The US Securities and Exchange Commission (SEC) recently announced fraud charges against five individuals for allegedly operating a call center in Medellin, Colombia. According to the authority, high-pressure sales tactics were used, and individuals lured investors through false promises.

The details shared by the SEC show that US citizen Chester Alvarez, Canadian citizens Francis Biller, Raymond Dove and Troy Gran-Brooks, and Dutch citizen Justin Plaizier operated call centers through fake websites and numbers.

In total, they generated over $58 million in trading from the fraudulent scheme. Moreover, the individuals promoted thinly traded stocks and made false promises to investors regarding returns.

"These scam artists went to great lengths, using bogus companies, aliases and spoofing their phone numbers, to defraud and mislead investors into a pump-and-dump scheme," said Paul Levenson, the Director of the SEC’s Boston Regional Office. "We urge investors to read the investor education materials about fraud in the ‘penny stock’ market.”

The SEC has filed a complaint in the US District Court for the Eastern District of New York.

Fraudulent Financial Activities

Illegal activities across the financial sector have increased substantially in the past few years. With the emergence of new assets like crypto, scammers have found new ways to lure investors by promising high returns. Earlier this month, the SEC charged siblings John and JonAtina (Tina) Barksdale in a $124 million crypto fraud operation.

While providing details about the recent $58 million fraudulent scheme, the SEC mentioned: “The SEC’s complaint alleges that, using the false personas, the defendants orchestrated a pump-and-dump scheme and made false and misleading statements when they promoted the stock of at least 18 issuers, and that they generated more than $58 million in trading from this scheme. The complaint also alleges that the defendants were paid approximately $10 million for promoting thinly traded stocks, which they misled investors to believe had high prospects for success.”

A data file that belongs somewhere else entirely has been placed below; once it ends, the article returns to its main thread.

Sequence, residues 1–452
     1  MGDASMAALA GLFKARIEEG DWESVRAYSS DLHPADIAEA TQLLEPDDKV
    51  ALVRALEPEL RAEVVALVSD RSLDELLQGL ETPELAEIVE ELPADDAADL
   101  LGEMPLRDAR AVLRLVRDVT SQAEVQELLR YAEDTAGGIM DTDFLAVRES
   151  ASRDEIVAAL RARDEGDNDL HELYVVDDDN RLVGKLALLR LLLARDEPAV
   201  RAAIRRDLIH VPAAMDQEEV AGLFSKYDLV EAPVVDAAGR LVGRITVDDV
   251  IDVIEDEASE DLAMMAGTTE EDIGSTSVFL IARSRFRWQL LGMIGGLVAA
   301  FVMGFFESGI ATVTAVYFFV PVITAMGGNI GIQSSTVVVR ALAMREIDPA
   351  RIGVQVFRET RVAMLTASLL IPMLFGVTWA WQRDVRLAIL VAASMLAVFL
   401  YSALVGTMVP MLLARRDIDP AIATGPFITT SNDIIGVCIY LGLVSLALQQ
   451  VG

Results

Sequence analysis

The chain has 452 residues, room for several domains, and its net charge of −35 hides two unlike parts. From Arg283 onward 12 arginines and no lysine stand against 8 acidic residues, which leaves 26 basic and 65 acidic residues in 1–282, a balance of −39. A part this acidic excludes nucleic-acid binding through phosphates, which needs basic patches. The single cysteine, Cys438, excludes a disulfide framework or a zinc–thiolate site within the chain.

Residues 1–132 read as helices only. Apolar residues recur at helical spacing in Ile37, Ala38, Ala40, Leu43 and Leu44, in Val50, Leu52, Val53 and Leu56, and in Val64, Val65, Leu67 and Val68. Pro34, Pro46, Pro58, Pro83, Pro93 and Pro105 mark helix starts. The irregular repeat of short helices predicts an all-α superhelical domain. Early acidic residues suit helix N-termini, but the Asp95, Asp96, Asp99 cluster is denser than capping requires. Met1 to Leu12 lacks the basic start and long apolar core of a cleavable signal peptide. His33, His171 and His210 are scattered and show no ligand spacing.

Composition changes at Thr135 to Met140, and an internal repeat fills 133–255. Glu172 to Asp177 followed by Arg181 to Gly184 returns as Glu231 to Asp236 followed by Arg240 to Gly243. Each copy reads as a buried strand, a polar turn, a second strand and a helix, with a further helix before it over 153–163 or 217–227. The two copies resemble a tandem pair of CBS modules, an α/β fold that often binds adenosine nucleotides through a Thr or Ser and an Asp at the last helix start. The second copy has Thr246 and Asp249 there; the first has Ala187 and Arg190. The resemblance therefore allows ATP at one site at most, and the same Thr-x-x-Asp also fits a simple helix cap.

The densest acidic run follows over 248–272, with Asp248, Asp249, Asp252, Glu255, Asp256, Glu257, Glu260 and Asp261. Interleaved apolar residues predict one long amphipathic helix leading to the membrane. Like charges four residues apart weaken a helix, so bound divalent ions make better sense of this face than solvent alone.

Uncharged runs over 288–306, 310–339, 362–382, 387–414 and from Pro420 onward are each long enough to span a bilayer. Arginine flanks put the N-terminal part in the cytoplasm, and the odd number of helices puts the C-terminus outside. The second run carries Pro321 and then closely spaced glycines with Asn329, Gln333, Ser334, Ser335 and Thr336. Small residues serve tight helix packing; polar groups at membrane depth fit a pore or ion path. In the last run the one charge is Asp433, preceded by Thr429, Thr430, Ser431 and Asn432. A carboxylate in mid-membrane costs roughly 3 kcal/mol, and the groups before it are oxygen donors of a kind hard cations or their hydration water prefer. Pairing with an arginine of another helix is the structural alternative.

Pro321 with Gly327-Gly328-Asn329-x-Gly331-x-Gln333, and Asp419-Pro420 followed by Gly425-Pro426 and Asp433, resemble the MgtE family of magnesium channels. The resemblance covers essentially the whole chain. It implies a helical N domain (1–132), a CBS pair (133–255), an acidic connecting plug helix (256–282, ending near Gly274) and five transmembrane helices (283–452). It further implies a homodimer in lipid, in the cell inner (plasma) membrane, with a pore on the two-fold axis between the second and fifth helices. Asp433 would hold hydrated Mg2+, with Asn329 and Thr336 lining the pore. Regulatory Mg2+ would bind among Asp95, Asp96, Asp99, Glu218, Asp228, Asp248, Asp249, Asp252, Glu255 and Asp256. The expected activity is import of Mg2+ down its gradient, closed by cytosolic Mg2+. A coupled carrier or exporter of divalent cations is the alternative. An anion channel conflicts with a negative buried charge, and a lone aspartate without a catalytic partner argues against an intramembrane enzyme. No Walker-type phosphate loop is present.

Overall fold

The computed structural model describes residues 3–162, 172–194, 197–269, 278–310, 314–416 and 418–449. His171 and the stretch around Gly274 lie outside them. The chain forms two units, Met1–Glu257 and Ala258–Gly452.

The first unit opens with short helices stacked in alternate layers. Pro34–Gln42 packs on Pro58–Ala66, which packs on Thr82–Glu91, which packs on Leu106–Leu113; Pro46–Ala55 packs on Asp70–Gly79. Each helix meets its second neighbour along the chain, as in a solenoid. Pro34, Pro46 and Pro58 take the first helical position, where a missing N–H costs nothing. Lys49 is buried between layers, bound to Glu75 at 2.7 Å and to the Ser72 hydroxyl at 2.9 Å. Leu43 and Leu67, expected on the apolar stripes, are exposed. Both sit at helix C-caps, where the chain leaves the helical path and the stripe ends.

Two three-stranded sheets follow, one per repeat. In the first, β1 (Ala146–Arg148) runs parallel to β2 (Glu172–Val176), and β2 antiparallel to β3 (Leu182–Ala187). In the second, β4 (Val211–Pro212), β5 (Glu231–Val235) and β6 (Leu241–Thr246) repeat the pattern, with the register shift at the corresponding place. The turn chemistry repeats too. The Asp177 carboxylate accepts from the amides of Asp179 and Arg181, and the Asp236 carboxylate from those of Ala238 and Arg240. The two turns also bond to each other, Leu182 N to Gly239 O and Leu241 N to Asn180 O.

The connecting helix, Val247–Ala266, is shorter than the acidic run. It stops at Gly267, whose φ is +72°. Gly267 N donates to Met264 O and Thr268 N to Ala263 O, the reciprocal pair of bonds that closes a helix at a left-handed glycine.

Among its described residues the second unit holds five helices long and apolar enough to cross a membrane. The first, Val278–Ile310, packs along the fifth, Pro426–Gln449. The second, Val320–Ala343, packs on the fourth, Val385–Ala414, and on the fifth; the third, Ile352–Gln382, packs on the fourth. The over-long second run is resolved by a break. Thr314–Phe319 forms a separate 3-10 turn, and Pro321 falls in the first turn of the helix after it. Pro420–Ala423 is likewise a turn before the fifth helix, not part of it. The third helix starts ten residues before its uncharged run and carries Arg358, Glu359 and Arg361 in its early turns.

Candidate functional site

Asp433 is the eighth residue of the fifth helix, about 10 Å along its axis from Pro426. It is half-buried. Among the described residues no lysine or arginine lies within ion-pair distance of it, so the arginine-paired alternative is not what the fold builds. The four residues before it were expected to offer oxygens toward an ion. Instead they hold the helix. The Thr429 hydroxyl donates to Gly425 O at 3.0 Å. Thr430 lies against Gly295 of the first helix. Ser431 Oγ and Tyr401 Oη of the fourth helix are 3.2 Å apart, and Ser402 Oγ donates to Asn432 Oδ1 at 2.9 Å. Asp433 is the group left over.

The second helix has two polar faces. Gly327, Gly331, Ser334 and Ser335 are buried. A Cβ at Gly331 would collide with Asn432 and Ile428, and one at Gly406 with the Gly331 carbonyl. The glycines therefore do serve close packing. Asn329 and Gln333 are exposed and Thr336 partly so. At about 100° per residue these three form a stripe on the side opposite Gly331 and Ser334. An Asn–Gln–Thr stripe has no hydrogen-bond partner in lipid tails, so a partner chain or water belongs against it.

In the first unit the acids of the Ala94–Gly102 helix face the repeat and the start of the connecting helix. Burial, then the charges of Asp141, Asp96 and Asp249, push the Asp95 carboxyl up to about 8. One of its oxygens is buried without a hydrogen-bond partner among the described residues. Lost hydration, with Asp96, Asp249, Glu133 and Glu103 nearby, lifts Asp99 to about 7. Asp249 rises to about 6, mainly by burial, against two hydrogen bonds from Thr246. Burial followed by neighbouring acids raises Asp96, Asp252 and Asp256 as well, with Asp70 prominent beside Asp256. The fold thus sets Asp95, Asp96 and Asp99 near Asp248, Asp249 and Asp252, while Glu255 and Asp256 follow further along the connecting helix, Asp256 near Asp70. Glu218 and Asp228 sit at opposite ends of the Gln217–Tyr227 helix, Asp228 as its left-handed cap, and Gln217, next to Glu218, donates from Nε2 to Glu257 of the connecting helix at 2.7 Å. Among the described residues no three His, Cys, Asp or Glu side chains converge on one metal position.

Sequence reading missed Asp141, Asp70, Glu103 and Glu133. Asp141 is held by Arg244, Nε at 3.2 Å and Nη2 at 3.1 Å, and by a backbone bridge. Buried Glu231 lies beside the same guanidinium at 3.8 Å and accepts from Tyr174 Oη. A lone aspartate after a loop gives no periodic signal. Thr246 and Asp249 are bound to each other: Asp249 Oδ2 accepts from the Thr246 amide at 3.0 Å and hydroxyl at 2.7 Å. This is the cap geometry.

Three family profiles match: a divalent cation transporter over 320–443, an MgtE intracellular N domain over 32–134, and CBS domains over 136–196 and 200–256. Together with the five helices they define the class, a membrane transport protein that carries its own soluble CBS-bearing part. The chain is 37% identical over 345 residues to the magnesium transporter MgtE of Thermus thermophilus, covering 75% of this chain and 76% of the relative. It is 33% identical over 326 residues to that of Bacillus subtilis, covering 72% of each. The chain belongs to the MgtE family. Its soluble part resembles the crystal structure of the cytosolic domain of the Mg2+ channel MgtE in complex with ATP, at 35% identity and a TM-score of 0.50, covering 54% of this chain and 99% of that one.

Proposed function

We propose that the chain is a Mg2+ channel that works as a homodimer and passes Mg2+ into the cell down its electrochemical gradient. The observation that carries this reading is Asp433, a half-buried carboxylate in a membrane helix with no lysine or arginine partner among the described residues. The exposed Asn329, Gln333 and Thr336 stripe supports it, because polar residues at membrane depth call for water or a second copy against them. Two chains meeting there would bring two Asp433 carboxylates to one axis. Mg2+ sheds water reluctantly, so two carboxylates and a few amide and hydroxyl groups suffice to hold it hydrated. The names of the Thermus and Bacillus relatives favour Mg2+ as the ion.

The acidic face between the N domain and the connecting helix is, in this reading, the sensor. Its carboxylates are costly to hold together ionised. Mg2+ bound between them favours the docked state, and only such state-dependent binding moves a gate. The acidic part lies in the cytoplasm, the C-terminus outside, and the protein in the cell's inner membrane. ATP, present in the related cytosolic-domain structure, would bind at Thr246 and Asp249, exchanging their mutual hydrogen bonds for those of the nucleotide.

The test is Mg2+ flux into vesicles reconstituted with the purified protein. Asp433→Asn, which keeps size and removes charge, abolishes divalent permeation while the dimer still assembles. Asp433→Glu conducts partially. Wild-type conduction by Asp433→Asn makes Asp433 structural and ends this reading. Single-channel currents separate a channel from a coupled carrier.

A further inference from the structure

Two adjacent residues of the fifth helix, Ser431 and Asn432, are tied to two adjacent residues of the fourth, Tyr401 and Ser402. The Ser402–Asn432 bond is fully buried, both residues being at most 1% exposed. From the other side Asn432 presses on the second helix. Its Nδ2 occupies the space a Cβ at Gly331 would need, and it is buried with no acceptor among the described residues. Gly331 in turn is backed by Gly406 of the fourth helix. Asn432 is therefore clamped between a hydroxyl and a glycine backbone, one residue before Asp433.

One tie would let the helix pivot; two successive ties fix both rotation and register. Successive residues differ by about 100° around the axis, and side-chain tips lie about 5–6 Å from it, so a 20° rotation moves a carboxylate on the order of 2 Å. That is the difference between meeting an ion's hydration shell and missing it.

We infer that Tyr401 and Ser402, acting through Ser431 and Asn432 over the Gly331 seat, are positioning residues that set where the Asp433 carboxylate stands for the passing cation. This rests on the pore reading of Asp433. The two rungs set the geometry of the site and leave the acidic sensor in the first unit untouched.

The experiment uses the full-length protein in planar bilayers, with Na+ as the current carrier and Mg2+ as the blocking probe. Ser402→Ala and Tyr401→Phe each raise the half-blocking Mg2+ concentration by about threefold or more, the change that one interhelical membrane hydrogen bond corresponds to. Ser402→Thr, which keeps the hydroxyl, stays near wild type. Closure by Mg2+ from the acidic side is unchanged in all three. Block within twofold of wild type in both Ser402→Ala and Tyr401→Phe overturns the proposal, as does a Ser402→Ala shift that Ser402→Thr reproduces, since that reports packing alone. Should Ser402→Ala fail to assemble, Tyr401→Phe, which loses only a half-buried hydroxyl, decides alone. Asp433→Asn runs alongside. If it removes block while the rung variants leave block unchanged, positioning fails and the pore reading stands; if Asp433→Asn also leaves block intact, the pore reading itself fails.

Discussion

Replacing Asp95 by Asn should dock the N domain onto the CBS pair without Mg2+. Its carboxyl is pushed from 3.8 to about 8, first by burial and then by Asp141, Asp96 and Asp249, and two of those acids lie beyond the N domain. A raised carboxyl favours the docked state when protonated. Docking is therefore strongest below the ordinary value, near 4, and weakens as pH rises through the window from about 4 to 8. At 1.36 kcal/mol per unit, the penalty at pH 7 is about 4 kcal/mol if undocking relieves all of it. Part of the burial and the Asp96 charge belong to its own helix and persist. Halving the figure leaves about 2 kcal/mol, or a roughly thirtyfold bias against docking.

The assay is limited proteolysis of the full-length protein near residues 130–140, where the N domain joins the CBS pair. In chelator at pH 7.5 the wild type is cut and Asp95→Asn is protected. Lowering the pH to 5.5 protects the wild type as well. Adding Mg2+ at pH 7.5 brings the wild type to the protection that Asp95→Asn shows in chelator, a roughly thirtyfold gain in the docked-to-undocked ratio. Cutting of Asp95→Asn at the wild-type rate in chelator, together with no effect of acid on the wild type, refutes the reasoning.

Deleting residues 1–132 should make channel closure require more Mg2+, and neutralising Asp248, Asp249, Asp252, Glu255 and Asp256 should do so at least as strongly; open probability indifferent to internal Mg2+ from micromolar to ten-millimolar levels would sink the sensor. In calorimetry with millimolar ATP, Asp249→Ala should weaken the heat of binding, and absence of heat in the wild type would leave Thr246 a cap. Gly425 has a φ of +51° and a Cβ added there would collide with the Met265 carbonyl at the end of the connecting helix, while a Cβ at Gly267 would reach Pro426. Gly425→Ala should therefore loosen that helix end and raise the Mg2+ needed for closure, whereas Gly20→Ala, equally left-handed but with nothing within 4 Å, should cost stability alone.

The US Securities and Exchange Commission (SEC) recently announced fraud charges against five individuals for allegedly operating a call center in Medellin, Colombia. According to the authority, high-pressure sales tactics were used, and individuals lured investors through false promises.

The details shared by the SEC show that US citizen Chester Alvarez, Canadian citizens Francis Biller, Raymond Dove and Troy Gran-Brooks, and Dutch citizen Justin Plaizier operated call centers through fake websites and numbers.

In total, they generated over $58 million in trading from the fraudulent scheme. Moreover, the individuals promoted thinly traded stocks and made false promises to investors regarding returns.

"These scam artists went to great lengths, using bogus companies, aliases and spoofing their phone numbers, to defraud and mislead investors into a pump-and-dump scheme," said Paul Levenson, the Director of the SEC’s Boston Regional Office. "We urge investors to read the investor education materials about fraud in the ‘penny stock’ market.”

The SEC has filed a complaint in the US District Court for the Eastern District of New York.

Fraudulent Financial Activities

Illegal activities across the financial sector have increased substantially in the past few years. With the emergence of new assets like crypto, scammers have found new ways to lure investors by promising high returns. Earlier this month, the SEC charged siblings John and JonAtina (Tina) Barksdale in a $124 million crypto fraud operation.

While providing details about the recent $58 million fraudulent scheme, the SEC mentioned: “The SEC’s complaint alleges that, using the false personas, the defendants orchestrated a pump-and-dump scheme and made false and misleading statements when they promoted the stock of at least 18 issuers, and that they generated more than $58 million in trading from this scheme. The complaint also alleges that the defendants were paid approximately $10 million for promoting thinly traded stocks, which they misled investors to believe had high prospects for success.”